“We are not a tax haven.” They all say that

   0   0 Blog, Regular Features, Secrecy

Monkeys

This is slightly updated version of a blog we wrote a while ago: a useful reminder of the theatre of probity that tax havens employ to try and appear clean.

This blogger used to live in South Africa, not long after the end of Apartheid, where one of the common refrains he heard was “I am not a racist, but . . . ” – usually followed by an ugly tirade, demonstrating exactly the opposite proposition.

The point of this little story is not to put down the tremendous strides that South Africa has taken in terms of national reconciliation. The point is to draw attention to a similar turn of phrase: “We are not a tax haven, but . . .”

For good reason, tax havens have a bad name, and the purveyors of offshore murk regularly try to persuade others that theirs is a clean business. Idly searching the internet, it is easy to find countless examples of this, often using the hitherto rather weak efforts of international bodies such as the OECD and the Financial Action Task Force – which have, in effect, legitimised the illegitimate — to support their bogus claims. Usually, the arguments they make are complex, slippery, and need to tread carefully around several large elephants in the room to make their point.

Here are a few examples, all from notable dirty-money centres, which seek to bestow upon themselves rather grander names, such as “international financial centre”

Monaco is not a tax haven, but there’s no income tax

Cayman is not a tax haven

Call Ireland a tax haven, and set off storms of protest

It’s official! Jersey is not a tax haven

Delaware is not an international tax haven or facilitator of money laundering

Isle of Man is not a tax haven

The British Virgin Islands: not a tax haven!

Bermuda is not a tax haven . .

Switzerland is not a tax haven: the OECD says so!

Luxembourg is not a tax haven . .

Singapore is not a tax haven, but . . .

Guernsey is not a tax haven . .

Barbados is no tax haven . .

The Netherlands Antilles is not a tax haven.

Malta is not a tax haven. . .

Aruba is not a tax haven . .

Mauritius is not a tax haven, but . . .

Cyprus is not a tax haven

Panama is not a tax haven

This list stops here, simply because this blogger got tired, and needs a cup of tea.

On this evidence, tax havens don’t exist!

Here’s a handy tip: if you want to know if a jurisdiction is a tax haven or not, consult this list, especially if it’s secrecy you’re interested in.

Once again, it’s all part of the essential and strenuous performance of rectitude that they all put on, in order to avoid the taint. Explore all that here.


Related Posts

The Offshore Wrapper: the Panama Papers, one year on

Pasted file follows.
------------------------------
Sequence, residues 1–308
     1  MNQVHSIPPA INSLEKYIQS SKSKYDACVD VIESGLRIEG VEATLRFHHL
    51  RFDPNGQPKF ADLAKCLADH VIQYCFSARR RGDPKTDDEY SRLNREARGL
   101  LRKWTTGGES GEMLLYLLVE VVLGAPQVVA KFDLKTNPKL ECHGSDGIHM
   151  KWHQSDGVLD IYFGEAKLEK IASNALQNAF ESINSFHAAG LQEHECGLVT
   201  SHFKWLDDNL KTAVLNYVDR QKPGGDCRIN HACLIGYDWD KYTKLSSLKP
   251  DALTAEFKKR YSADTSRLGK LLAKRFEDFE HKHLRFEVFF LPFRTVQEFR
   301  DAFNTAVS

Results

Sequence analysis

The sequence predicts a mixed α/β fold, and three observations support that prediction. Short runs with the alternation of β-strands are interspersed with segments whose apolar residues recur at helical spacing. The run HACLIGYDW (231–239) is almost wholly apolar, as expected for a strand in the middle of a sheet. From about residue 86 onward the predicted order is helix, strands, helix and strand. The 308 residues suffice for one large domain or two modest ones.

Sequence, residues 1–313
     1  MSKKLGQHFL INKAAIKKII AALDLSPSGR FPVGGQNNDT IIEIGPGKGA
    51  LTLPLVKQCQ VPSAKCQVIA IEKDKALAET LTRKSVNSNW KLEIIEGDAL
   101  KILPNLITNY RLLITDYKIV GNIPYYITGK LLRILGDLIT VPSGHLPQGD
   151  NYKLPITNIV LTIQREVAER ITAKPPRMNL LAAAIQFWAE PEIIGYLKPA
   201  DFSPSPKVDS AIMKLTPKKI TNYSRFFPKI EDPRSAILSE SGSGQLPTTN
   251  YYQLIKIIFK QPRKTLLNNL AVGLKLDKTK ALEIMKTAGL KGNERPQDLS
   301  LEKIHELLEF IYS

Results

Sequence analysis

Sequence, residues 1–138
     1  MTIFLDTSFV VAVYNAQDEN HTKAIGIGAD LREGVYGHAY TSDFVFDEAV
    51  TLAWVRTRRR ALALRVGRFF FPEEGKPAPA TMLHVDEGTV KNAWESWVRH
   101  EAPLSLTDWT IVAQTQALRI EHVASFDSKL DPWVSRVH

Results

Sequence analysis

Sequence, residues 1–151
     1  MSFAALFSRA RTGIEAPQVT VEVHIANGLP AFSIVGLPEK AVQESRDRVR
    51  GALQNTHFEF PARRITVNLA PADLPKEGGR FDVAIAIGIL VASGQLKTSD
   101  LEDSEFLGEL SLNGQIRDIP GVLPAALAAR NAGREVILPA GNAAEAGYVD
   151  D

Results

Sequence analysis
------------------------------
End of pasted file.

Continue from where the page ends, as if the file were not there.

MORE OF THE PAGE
Photos from the Protest outside PwC 1 Embankment Place, part of the Global week of action for tax justiceWelcome to the Offshore Wrapper – your weekly update from TJN.  Happy Paniversary! This week it’s been one year since the Panama Papers were leaked, and a number of organisations around the world have been marking the occasion though the global week of action for tax justice. In London, activists from the TJN and the […]

READ MORE →

Protesting PwC: Professionals Without Conscience

Photos from the Protest outside PwC 1 Embankment Place, part of the Global week of action for tax justiceThis week is the global week of action for tax justice and on Wednesday 5th April activists from the Tax Justice Network and Methodists for Tax Justice held a protest outside the London offices of Price Waterhouse Coopers. The global week of action for tax justice is happening one year after the release of the […]

READ MORE →

Germany moves forward on corporate transparency

ReichstagThe Bundesrat has today voted to recommend implementing a public register of the beneficial ownership of companies and trusts.  Great news from Germany, as the country takes an important step forward towards corporate transparency.

READ MORE →

New estimates reveal the extent of tax avoidance by multinationals

Price Waterhouse CoopersNew figures published today by the Tax Justice Network provide a country-level breakdown of the estimated tax losses to profit shifting by multinational companies. Applying a methodology developed by researchers at the International Monetary Fund to an improved dataset, the results indicate global losses of around $500 billion a year. The figures appear in a […]

READ MORE →

Banking Secrecy in China, its related territories and Taiwan

Hong Kong from Sky 100Foreword. The Tax Justice Network is a non partisan network of experts working towards transparency, so we do not take any position about countries’ territorial and political claims. However, we do expect countries with a de jure (legal) or de facto (in practice) influence over other territories, to take responsibility for their power. We point […]

READ MORE →

Leave a Reply

Your email address will not be published. Required fields are marked *

Back to Top